MN-based Alight continues to help with the Ukrainian refugee crisis
The organization is expanding its Welcome Home program – originally created to help refugees from Afghanistan – to help those fleeing war in Ukraine.
MINNEAPOLIS — Six months after Russia’s initial invasion of Ukraine, a Minnesota-based organization remains on the ground to help those caught up in the region’s largest refugee crisis since World War II.
According to United Nations High Commissioner for Refugees, at least 12 million people have been displaced since the start of the war in Ukraine, either within the country or across the region.
But Alight – formerly the American Refugee Committee – responded to the crisis days after the February 24 invasion. Over the months, Alight’s reach has evolved according to the needs of displaced people: from providing hats, gloves and heated tents; ensure that refugees have access to the medicine, food and safe shelter they need; to work with organizations based in Ukraine to provide the necessary services and even comfort from home. And also over the months, Minnesotans from diverse backgrounds have answered the call for help.
A trio of Minnesotans make the difference
Mary Nicol of Plymouth, Minnesota, was no different from most Minnesotans when the Russo-Ukrainian War began: she was stunned by the pictures and headlines, and frustrated by the inability to help immediately. .
“I found I was really angry, and I was in a state of disbelief at times, like, ‘How does this happen?'” Mary shared with KARE 11’s Karla Hult a few hours prior to get on a plane to Poland.
Sure enough, Mary struggled with the lack of answers to her questions. That’s why the retired Medtronic nurse and medical safety specialist decided to reach out to the organization she already knew in the field: Alight.
“I told them, I said, ‘I mean, I’ll do whatever you want me to do. It doesn’t matter,” Mary recalls of her early conversations with Alight staff members.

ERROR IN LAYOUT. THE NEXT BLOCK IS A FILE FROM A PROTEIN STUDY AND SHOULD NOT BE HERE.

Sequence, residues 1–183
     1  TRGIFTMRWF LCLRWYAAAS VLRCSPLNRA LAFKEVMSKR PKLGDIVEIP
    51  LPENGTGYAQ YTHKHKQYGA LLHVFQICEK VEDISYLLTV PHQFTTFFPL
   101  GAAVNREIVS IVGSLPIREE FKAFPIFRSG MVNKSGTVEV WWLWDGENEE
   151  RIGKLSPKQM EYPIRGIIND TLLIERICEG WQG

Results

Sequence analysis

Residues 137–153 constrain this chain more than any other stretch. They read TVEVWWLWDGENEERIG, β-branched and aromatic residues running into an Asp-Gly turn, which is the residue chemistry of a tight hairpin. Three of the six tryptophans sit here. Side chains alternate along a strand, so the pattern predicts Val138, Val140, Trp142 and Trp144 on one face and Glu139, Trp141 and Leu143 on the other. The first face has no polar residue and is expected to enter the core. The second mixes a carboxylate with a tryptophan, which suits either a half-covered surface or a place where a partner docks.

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A few weeks later, Mary had booked her flight and was destined to help the teams working along the Ukrainian-Polish border.
“The idea is that I will work on their psychological first aid training,” Mary said, adding that she would work specifically with local housing guides – many of whom had just fled Ukraine themselves. “What I really hope is to make them aware of the key things they can focus on, not only in terms of refugees, but also in terms of self-care.”
“I just felt super obligated to do something,” Mary said of her role.
And Mary wasn’t the only Minnesotan who felt compelled to “do something” with her unique skills and experience.
Today, Artem Artyushkov calls Chaska, Minnesota home. But the electrical engineer grew up in Kyiv, Ukraine, and still has family and friends in the now conflict-ridden country.
“I still have two sisters in Kyiv, one younger and one older. I talk to them almost every day since the war started,” Artem said of his lingering outreach to his family.
Like everyone in his new community, Artem has watched every nuanced development in Ukraine. But Artem also harbored a concern for his loved ones, as well as a strong desire to lend his voice, his empathy and his talents to his native land.
“When the war started, it was a shock at first. Absolutely – feeling disoriented – what to do, how to help, what will happen,” Artem recalled, before reflecting on when he found Minnesota-based Alight. “I’m so glad I found Alight. [It gave] the opportunity to bring me here, to the border with Ukraine.
As an Alight volunteer, Artem served as a local housing guide and in other roles during an extended stay in Poland. He is able to speak his native language to those navigating a long journey and a new home.
“Being at the border, just talking to Ukrainians telling them they are safe now, it’s over for them – there is no more suffering… It’s extremely rewarding,” Artem shared from Poland.